Green Finance – An Islamic Way to Rescue the Nature
Ahmad Fraz (PIDE)
Interest is prohibited in Islamic finance and forbidden to generate money by money. According to Islamic rules money itself has no value and is just a way to define the value in Sharia’s law. Furthermore, risk is being shared in business activities by market participants. The key issue in Islamic finance is to guarantee the wealth increase by productive activities. The element of speculation and gambling which uncertainty “Gharar” is forbidden in Islamic finance. The uncertainty can be avoided by using equity principle. To invest in non-ethical industry like alcohol, tobacco and adult entertainment is prohibited in Islamic finance.
Islam demands comprehensive development of an economy and emphasizes social welfare. Its teachings stress translating shariah principles into practice and integrate them into individual and collective human life. The investments which are beneficial to the society are encouraged by Islamic finance. The concept of the maqasid al sharia supports the principle of serving the public interest of maximizing benefit and reducing harm to the society. Therefore, firms have a dual objective of generating economic gains along with a positive impact on society. There is a strong nexus between Islamic finance and green finance.
In Shariah, there is an emphasis on conservation, preservation, and responsible use of resources. There is a discouragement for excessiveness, and wastefulness in the use of resources. The realization of the value of the environment even if it is in no one’s private ownership is vital for fostering a culture of care and responsibility towards the environment. The steps towards preserving and conserving the climate are fundamental to promote environmental sustainability. The first step in this dimension recognition of climate as an asset endowment by Allah and its use responsible use.
The financing of green projects or firms is a challenging issue. The acceptability and growth in green finance require work in two domains i.e. creating a conducive environment for mobilizing capital for financing climate-friendly projects and/or firms and developing environment-friendly innovative financial instruments. The conducive environment means the development of a green finance ecosystem involving stakeholders that encourage the green businesses through regulatory frameworks and ensure the availability of financial instruments along with financing and an advisory mechanism.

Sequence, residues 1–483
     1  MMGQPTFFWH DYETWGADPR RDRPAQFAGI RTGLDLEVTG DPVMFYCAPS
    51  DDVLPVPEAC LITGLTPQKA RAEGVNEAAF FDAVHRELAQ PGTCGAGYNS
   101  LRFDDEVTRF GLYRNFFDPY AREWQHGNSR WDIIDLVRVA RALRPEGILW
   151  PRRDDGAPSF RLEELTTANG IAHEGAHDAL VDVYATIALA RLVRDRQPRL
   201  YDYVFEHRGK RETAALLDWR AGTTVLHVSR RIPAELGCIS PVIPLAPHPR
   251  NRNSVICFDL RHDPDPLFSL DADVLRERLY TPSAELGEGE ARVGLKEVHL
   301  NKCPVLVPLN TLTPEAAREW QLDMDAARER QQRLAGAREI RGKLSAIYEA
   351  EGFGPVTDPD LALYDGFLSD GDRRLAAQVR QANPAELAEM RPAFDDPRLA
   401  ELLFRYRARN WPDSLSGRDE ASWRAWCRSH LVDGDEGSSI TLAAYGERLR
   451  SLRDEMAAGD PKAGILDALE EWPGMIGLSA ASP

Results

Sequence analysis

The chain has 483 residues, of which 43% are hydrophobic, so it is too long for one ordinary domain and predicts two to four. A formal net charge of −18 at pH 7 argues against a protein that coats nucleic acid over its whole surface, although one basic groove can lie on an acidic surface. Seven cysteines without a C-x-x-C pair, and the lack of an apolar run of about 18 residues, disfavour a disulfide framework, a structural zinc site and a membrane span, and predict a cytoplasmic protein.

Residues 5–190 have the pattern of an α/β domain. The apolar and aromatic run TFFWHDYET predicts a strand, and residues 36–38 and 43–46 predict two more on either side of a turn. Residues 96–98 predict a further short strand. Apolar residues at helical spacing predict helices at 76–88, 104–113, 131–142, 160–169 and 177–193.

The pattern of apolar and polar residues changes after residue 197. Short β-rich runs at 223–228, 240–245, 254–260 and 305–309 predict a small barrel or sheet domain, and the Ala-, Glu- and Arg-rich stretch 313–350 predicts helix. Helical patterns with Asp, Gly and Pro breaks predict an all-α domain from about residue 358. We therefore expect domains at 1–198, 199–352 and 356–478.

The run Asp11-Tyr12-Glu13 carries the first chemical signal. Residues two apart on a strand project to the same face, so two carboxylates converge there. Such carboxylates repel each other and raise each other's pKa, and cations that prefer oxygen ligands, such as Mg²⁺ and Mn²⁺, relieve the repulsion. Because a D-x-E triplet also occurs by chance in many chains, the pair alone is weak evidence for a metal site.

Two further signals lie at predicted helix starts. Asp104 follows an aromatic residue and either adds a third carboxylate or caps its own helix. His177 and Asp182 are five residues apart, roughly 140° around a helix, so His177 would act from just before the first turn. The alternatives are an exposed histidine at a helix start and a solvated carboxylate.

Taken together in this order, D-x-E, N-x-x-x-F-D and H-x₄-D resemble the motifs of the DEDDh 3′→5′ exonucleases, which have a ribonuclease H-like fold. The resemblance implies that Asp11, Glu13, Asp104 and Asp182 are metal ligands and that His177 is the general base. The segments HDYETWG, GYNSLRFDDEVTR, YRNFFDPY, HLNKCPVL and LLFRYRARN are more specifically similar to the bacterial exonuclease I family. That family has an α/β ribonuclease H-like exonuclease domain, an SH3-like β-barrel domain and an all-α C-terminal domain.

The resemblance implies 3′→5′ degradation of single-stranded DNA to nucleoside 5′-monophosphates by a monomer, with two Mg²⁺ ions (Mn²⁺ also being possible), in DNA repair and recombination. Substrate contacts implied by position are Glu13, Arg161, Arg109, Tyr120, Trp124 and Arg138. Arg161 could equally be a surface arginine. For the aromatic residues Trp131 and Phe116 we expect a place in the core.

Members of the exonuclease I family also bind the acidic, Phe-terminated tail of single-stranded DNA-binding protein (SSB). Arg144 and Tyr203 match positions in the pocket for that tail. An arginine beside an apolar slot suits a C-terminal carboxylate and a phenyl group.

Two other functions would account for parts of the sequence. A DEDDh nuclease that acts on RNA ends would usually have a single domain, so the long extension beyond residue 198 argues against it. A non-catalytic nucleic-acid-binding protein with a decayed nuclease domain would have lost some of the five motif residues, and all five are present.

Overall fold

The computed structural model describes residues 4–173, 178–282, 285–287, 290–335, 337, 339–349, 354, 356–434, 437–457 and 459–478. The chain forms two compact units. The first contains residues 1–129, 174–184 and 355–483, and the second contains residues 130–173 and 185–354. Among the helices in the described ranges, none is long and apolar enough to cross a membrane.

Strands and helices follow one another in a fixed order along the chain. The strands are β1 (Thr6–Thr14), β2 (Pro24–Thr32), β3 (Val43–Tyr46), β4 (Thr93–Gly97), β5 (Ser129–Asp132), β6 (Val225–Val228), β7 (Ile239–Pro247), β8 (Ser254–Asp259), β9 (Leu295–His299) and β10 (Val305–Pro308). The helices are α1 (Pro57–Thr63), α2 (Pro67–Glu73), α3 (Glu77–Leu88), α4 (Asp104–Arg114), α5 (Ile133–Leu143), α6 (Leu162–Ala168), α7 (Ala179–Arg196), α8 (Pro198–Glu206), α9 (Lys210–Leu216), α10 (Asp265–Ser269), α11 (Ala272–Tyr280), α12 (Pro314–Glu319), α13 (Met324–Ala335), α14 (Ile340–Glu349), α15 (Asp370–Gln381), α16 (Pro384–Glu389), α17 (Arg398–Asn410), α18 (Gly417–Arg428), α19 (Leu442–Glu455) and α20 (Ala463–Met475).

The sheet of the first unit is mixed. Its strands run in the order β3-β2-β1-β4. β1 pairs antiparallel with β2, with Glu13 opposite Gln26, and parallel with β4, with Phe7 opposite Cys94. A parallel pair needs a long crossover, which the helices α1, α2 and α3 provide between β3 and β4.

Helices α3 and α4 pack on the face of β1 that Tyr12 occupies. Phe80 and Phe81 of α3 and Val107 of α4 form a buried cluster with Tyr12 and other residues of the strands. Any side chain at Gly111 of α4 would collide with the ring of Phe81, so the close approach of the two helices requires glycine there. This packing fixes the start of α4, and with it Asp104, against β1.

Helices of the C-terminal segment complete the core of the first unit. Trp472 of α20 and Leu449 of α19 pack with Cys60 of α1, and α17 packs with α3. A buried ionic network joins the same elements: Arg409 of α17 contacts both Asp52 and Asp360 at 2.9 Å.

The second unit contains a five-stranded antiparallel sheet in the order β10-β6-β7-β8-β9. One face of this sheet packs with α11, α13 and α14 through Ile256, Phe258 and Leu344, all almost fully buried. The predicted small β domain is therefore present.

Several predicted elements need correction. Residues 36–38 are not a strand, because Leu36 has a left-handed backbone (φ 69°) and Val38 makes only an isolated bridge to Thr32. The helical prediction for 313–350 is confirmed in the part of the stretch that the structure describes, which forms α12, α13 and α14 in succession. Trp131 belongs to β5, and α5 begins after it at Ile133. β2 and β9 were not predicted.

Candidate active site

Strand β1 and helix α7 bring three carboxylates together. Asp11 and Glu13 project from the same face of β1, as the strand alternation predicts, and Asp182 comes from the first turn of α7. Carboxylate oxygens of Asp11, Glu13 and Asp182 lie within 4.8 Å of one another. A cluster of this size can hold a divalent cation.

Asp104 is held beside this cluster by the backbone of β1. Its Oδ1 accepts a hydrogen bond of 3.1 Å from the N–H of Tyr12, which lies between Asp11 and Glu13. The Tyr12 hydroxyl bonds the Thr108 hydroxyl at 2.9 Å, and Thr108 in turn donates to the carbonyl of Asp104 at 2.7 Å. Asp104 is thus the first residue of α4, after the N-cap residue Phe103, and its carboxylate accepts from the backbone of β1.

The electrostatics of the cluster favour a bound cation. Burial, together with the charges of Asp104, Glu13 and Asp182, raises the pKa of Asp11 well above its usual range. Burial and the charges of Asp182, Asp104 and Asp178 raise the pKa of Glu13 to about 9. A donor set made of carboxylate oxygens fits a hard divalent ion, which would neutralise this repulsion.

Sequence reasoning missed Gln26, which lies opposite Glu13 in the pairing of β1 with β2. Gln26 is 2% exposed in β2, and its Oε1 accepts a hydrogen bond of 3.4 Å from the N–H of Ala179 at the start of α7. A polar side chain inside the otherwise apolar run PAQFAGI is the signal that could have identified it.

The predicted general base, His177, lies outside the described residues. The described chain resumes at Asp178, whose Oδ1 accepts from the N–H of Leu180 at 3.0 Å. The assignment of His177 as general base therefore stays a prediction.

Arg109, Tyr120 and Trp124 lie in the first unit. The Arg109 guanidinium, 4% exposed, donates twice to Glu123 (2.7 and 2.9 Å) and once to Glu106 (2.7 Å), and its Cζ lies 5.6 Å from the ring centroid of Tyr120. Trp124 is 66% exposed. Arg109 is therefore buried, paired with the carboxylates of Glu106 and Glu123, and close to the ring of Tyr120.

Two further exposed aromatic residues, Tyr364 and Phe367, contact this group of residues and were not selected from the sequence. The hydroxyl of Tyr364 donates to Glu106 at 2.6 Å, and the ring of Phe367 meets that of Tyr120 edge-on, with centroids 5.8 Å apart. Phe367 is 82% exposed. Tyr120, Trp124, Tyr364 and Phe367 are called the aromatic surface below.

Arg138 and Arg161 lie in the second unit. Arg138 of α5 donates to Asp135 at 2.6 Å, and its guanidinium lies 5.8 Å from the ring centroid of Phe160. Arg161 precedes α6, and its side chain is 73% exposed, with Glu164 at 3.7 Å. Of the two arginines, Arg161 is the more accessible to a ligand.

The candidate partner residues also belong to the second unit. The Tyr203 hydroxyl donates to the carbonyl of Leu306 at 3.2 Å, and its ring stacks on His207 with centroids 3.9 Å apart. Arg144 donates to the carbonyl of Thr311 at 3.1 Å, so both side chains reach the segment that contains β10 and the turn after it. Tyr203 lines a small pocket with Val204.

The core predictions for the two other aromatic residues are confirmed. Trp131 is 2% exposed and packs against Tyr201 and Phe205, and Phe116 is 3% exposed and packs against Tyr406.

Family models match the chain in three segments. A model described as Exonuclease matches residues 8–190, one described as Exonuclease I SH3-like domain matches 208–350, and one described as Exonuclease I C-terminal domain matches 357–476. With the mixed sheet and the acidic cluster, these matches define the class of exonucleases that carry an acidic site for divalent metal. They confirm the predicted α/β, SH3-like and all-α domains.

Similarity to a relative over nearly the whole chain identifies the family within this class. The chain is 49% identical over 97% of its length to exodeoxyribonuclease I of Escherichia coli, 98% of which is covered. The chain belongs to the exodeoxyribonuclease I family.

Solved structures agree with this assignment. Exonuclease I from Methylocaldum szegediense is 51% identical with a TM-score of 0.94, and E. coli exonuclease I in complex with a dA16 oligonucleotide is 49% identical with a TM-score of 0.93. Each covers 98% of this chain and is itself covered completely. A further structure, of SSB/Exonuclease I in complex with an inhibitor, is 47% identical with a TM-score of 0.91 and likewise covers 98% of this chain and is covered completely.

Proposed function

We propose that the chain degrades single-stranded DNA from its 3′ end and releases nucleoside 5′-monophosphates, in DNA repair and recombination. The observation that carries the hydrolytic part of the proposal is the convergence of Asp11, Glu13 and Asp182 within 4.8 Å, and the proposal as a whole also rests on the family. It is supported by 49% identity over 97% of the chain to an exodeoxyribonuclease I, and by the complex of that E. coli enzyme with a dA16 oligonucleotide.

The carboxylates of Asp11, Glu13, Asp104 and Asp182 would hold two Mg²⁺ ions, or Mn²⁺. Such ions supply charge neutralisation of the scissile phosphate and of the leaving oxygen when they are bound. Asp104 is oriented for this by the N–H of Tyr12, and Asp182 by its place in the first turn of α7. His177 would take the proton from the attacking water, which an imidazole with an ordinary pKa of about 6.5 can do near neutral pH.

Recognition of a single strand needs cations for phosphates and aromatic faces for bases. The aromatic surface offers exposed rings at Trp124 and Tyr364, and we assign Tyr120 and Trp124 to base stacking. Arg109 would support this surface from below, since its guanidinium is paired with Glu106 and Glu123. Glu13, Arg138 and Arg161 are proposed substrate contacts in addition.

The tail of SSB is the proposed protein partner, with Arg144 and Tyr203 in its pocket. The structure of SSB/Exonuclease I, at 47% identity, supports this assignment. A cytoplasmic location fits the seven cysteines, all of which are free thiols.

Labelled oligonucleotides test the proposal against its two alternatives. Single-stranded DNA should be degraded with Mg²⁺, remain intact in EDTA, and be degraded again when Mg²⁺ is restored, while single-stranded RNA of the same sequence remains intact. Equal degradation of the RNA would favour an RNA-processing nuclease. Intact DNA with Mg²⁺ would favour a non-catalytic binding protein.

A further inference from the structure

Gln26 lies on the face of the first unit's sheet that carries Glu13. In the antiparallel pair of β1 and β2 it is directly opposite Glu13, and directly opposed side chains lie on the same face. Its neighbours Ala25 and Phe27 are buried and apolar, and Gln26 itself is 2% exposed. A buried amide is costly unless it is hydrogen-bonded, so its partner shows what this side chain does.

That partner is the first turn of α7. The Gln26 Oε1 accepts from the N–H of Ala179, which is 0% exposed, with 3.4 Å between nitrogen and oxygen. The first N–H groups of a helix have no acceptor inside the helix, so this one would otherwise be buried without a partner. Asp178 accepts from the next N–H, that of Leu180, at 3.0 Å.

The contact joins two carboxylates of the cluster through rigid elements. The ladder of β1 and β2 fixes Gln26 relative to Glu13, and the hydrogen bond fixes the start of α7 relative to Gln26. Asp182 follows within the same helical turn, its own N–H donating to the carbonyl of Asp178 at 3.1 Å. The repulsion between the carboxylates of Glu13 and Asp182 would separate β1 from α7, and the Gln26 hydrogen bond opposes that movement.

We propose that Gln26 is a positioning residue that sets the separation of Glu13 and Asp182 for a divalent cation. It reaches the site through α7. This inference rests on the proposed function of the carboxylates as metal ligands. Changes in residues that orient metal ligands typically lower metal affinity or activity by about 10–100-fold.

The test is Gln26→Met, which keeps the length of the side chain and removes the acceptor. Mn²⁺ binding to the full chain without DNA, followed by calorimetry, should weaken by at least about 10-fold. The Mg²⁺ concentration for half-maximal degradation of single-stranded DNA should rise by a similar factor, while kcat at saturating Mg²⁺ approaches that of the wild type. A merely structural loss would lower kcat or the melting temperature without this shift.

“Islamic finance shares similar underlying principles as that of sustainable finance, i.e. financial stability and economic growth, poverty alleviation and wealth distribution, financial and social inclusion as well as environmental preservation. This has therefore allowed for Islamic finance to capitalize on these similarities to become a natural vehicle to propagate the elements of green finance.” 
Figure 1 illustrates that CO2 emissions per person increased which suggests that there is a direct relationship between the GHG emissions and population. In case of India, CO2 emissions per capita increased from 1.0 to 1.8 metric tonnes per capita between 2000 and 2016. India is more vulnerable in South Asia. Pakistan and Sri Lanka are ranked second and third. The figure also presents the CO2 emission in Nepal and Afghanistan which indicate that these countries are facing a lower level of environmental and climatic issues. In general, procedural difficulties and the lack of awareness about how to safeguard the environment are major factors that may inflate the risks associated with environmental problems among countries located in the South Asian region as they pertain to CO2 emissions.